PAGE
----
Are you filling out financial aid forms for a kid who’ll be in college next fall? Great. The fall before he or she enters college is the perfect time to do that.

But what do you do if you get stuck? Where do you go to get help with college financial aid forms?

help with college financial aid

Here are five places to get help with college financial aid forms.

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3 Ways KIDS Can Get More Financial Aid For College

Part 2 of a 2-Part Series

Is your child a senior in high school, or older? This post is part 2 of a 2-part series on what to do each September to make sure the FAFSA form you fill out in early October will get your child maximum financial aid for college. To read part 1 of this very important series, click here.

You’d love to help your kid get maximum financial aid to help pay for college.

Why? Because financial aid is free money that need never be paid back.

The great news? You can get a lot of financial aid help – even if you have a relatively high income. This 2-part series will help.

FAFSA

Get your child all the free money he or she has coming.

To be sure your child gets all the free money he or she has coming, you as a parent will need to fill out the Free Application for Federal Student Aid (FAFSA) every October that you’ll have a child in college the following fall. Fill this form out every October, even if you’re convinced “you won’t get anything.”

Every family of a 12th grader should fill out the FAFSA. Here’s why.

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How Divorced Parents Can Get More Financial Aid For College

Ben and Amy have been divorced for years. Finally, though, they’ve found something they both agree on: they want their teenage daughter, Sophie, to get through college as close to debt-free as possible—and directly into a job she loves afterward. Millions of other divorced parents feel the same way.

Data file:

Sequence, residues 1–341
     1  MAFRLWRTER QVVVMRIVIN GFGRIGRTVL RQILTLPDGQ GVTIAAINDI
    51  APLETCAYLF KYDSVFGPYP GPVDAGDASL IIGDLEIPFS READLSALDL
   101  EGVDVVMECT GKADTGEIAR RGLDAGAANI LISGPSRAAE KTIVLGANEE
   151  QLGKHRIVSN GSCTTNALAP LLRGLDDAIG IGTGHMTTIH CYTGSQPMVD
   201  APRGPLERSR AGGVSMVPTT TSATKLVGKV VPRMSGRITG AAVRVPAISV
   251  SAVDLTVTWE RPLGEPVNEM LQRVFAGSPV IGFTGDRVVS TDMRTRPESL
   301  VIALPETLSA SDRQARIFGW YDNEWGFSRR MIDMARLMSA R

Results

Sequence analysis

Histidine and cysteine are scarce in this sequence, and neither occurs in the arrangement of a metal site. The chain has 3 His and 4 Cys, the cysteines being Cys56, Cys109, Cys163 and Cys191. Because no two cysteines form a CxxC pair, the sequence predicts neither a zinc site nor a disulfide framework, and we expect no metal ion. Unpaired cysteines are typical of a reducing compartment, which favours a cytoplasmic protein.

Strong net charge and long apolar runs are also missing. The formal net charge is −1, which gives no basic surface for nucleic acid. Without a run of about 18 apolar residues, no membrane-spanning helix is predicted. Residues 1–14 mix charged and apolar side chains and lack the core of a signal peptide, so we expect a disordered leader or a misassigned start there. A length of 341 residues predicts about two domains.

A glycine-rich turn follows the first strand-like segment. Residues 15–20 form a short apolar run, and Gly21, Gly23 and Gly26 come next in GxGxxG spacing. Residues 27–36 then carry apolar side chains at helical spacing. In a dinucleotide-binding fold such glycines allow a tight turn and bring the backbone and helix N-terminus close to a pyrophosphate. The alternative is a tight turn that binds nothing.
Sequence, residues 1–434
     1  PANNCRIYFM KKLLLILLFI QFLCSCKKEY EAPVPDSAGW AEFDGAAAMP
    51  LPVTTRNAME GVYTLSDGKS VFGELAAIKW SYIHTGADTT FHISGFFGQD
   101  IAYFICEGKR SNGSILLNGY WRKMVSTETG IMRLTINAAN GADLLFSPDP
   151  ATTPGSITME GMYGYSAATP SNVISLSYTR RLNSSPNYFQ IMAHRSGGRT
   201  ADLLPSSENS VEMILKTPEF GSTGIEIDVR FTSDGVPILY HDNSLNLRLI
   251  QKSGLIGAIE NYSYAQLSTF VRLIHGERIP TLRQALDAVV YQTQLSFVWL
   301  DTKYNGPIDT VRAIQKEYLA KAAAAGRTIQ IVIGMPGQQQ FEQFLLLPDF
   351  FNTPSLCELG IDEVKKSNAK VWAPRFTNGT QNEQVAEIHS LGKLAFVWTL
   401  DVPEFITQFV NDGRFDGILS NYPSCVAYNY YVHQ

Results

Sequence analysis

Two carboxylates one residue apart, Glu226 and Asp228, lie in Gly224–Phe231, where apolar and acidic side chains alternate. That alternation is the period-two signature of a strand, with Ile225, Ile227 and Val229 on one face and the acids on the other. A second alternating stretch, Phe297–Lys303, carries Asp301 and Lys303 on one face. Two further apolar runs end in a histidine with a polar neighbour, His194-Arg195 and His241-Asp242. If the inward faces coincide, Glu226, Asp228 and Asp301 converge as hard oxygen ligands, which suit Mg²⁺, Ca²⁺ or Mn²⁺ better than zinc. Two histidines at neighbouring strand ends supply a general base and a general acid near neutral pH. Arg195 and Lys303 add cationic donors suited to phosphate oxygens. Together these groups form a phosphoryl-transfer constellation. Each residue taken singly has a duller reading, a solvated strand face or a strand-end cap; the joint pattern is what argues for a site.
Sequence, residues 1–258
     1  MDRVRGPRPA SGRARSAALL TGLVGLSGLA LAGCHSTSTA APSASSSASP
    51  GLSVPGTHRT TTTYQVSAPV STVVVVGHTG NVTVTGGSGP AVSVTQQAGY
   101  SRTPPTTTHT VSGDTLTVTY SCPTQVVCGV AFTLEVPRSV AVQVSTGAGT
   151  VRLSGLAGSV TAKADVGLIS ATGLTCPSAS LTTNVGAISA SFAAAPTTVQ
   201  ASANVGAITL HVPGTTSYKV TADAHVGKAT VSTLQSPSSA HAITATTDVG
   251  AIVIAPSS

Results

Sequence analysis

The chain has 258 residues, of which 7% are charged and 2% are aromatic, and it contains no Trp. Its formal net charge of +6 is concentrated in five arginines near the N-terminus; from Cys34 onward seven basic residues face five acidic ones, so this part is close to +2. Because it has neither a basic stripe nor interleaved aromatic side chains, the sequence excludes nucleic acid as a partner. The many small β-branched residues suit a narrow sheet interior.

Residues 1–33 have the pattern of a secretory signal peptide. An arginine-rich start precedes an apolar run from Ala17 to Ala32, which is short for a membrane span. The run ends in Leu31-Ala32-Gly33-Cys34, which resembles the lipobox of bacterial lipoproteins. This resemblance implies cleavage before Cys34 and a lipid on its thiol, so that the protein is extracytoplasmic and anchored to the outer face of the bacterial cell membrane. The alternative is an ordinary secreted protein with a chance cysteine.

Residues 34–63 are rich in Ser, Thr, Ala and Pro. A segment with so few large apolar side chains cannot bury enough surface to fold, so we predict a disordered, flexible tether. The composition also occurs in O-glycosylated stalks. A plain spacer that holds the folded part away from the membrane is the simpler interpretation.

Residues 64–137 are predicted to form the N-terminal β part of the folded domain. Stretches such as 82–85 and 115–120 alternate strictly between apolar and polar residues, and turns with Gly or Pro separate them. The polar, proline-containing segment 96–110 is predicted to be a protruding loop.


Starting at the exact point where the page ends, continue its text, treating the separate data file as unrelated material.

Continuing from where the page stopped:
What’s the key to making that happen?

divorced parents

Divorced parents can take 7 specific steps that can help their kids get through college debt-free.

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“HELP! My Parents Are Refusing to Help Me!”

A couple of weeks ago I wrote a post for parents who erroneously believe that if they’ll just refuse to put their financial info on their child’s FAFSA form, their child will get additional financial aid for college.

Student, if your parents are refusing to help you—here’s what you can do to help yourself.

refusal

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Can’t My College Kid Just Declare Independence From Me?

Won't This Get Him More Money for College?

The dad was smiling at me, like he had a special secret that no one else knew. He folded his arms, rocked back on his heels, and got ready to tell me just why he was never going to need my help getting his kids’ college paid for.

“I don’t have to worry about that,” he told me. “I’m going to have my kids ‘declare independence’ from me. Then my income won’t count on their financial aid forms, and the money for college will just roll on in.”

Then he tilted his head and smiled at me.

“That’s what I did when I was in college, and it worked out great for me.”

I’m so sorry to tell you, Dad—your information is long outdated.

Here’s why declaring independence from parents no longer helps students get extra financial aid for college.

independence